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Title: Characterisation of HIV reservoirs in blood and gut association lymphoid tissue
Author: Thornhill, John
ISNI:       0000 0004 7658 5164
Awarding Body: Imperial College London
Current Institution: Imperial College London
Date of Award: 2018
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Antiretroviral therapy (ART) has dramatically improved survival for people living with HIV (PLWH). However, a stable pool of latently infected cells precludes a cure. Initiation of ART during primary infection (PHI) has been used as a strategy to limit seeding of the HIV reservoir and enhance immune recovery. Gut-associated lymphoid tissue (GALT) is targeted early in HIV infection with significant immune damage and remains one of the principal sites of latent HIV infection on ART. However, data characterising immune recovery & the HIV reservoir in the GALT of these early treated individuals are lacking. Using concurrent peripheral blood (PBMC) and biopsy samples from the terminal ileum and rectum, I characterised the HIV reservoir across anatomical sites in treated PHI. I tested the hypothesis that ART initiated in PHI results in normalisation of immune parameters across anatomical sites. Furthermore, I characterised cellular populations known to support HIV persistence and tested for associations between HIV DNA and gut markers of inflammation and immune dysfunction. This thesis provides evidence of compartmentalised immune recovery in treated PHI with enhanced recovery in the PBMC compartment compared to GALT. Furthermore, the burden of latent HIV infection was highest in the terminal ileum compared to all other sites. Markers of inflammation, bacterial translocation and TFH lineage associated with HIV DNA in GALT while markers of T cell exhaustion did not. Even when started in PHI, ART did not normalise markers of immune function in GALT, and HIV DNA persisted at high levels in GALT despite years of suppressive ART. Bacterial translocation and the B cell - T cell interaction may contribute to HIV persistence in GALT. A better understanding of the drivers of viral persistence and immune dysfunction in GALT can inform the design of future HIV cure approaches.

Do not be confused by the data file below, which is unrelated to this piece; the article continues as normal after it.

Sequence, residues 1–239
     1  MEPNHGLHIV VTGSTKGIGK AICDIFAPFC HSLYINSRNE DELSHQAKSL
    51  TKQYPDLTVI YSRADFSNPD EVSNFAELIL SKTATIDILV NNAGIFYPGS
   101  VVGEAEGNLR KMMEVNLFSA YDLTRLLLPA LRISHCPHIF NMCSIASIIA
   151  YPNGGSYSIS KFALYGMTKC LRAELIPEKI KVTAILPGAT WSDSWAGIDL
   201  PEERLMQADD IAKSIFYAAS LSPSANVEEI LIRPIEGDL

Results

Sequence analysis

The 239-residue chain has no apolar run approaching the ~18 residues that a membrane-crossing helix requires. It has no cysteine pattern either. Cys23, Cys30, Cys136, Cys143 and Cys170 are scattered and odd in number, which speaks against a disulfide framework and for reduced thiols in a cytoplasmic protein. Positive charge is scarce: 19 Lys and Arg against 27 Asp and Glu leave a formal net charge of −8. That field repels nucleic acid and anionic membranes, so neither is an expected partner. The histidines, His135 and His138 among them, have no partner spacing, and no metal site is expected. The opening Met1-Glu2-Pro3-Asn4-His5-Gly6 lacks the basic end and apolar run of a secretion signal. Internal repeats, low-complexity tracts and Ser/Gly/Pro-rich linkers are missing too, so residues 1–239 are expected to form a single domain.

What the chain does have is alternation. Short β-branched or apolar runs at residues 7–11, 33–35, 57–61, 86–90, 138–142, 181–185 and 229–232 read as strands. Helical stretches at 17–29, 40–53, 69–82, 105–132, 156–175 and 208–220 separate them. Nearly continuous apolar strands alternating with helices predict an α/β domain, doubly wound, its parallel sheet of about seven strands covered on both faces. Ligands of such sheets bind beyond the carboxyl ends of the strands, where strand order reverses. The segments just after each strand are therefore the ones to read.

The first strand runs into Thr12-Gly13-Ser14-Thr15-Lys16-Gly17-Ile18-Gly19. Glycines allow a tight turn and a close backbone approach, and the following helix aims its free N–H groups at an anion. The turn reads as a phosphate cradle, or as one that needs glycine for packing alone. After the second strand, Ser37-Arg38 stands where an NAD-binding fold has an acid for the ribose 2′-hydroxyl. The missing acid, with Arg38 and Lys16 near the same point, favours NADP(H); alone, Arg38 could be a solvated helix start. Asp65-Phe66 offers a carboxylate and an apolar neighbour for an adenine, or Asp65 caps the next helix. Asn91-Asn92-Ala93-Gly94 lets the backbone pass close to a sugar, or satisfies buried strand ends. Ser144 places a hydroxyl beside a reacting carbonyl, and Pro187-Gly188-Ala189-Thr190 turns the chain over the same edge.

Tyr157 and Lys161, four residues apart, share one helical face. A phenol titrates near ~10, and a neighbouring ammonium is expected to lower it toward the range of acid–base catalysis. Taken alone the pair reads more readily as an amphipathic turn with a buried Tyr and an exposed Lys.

Supervisor: Fidler, Sarah ; Frater, John ; Taylor, Graham Sponsor: Medical Research Council
Qualification Name: Thesis (Ph.D.) Qualification Level: Doctoral